Ten years on, victims still hope a landmark trial will open in Switzerland against former Syrian vice-president Rifaat al-Assad
Ten years ago, to the day, the Office of the Attorney General (OAG) of Switzerland, opened a criminal investigation for war crimes against former Syrian Vice-President Rifaat al-Assad. A criminal complaint had been filed by TRIAL International just days prior, while Mr. al-Assad was present in Switzerland. Throughout these years, TRIAL International has continued to support the plaintiffs in their quest for justice.
Since December 2013, Rifaat al-Assad has been under investigation for his alleged role in the massacres committed in the Syrian city of Hama in February 1982 by the “Defense brigades”, that he commanded at the time. Alongside the regular Syrian army, Rifaat al-Assad’s troops are suspected of having participated in the three-week siege and assault of the city that caused between 10’000 and 40’000 deaths, mainly civilians. Executions, enforced disappearances, rape and torture were committed on an unimaginable scale. Entire neighborhoods were destroyed during the attack.
The criminal investigation against the “Butcher of Hama” is based on the principle of universal jurisdiction, which allows States to investigate and prosecute suspects of international crimes, irrespective of where they were committed and the nationality of either suspects or victims.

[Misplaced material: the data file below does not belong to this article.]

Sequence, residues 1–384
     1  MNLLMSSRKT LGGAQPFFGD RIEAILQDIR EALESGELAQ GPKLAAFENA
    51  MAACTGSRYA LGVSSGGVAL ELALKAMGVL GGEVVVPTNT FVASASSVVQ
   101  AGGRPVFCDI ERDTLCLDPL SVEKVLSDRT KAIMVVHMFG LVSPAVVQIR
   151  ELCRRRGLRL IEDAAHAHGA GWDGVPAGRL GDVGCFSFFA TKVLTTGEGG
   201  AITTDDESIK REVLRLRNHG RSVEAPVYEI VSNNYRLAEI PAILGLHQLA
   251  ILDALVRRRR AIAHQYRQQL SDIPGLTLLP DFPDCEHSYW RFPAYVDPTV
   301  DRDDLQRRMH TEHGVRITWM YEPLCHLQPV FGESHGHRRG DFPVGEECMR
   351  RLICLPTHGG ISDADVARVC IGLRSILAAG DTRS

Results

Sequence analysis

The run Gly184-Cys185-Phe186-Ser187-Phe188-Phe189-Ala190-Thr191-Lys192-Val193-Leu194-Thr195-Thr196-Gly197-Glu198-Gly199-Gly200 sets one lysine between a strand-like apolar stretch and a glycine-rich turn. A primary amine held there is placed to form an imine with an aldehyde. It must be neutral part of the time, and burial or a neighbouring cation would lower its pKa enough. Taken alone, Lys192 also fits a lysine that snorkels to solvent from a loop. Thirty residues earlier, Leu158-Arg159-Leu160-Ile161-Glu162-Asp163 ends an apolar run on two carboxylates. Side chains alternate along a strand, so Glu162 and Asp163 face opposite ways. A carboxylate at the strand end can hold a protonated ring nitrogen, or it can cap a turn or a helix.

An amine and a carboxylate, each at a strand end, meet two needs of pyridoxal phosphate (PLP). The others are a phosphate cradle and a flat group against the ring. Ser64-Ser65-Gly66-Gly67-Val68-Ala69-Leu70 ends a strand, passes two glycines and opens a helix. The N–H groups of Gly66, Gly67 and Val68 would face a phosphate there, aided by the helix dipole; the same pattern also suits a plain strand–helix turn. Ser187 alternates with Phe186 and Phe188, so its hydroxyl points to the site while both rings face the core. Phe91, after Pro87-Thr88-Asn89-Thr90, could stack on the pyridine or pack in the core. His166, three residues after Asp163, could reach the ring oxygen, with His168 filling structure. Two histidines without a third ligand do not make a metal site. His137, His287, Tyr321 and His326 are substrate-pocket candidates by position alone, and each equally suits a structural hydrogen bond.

The OAG has only once briefly interrogated Mr. al-Assad in September 2015, when he was again present in Switzerland. After more than 3 decades in exile, mostly in France, Rifaat al-Assad fled back to Syria in October 2021 and to the protection of his nephew, Bashar al-Assad. An international arrest warrant issued by the Swiss prosecuting authorities against Rifaat al-Assad was only made public on 16 August 2023.
After so many years and a winding procedure, the victims are still waiting for light to be shed on the crimes committed in Hama by the Syrian regime against its own people. The massacre that took place in 1982 is engraved in people’s mind as a landmark moment in the recent history of Syria. The lack of accountability for past crimes has fueled the brutality of the al-Assad regime, whose violence since the beginning of the revolution has already been qualified as crimes against humanity by a German court.
The three plaintiffs in the case eagerly await the filing of an indictment and the opening of a trial. TRIAL International urges the Swiss authorities to expedite the judicial process, as justice delayed is justice denied. With Mr. al-Assad now 85, any further delay risks depriving the victims of their right to justice.
The prospective trial of Mr. al-Assad in Switzerland would be groundbreaking. Rarely are such high-ranking officials tried for international crimes based on the principle of universal jurisdiction. It would send a powerful message that those in power in Syria, even when their name is al-Assad, are not beyond the reach of justice.